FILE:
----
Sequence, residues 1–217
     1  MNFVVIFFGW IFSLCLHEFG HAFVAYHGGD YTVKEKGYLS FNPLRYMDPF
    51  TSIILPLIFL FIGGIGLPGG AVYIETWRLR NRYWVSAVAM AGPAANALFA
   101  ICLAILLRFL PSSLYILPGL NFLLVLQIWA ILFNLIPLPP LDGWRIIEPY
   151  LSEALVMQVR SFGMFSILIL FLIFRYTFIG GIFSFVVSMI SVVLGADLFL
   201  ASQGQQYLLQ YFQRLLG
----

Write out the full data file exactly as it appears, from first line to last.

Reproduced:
Sequence, residues 1–217
     1  MNFVVIFFGW IFSLCLHEFG HAFVAYHGGD YTVKEKGYLS FNPLRYMDPF
    51  TSIILPLIFL FIGGIGLPGG AVYIETWRLR NRYWVSAVAM AGPAANALFA
   101  ICLAILLRFL PSSLYILPGL NFLLVLQIWA ILFNLIPLPP LDGWRIIEPY
   151  LSEALVMQVR SFGMFSILIL FLIFRYTFIG GIFSFVVSMI SVVLGADLFL
   201  ASQGQQYLLQ YFQRLLG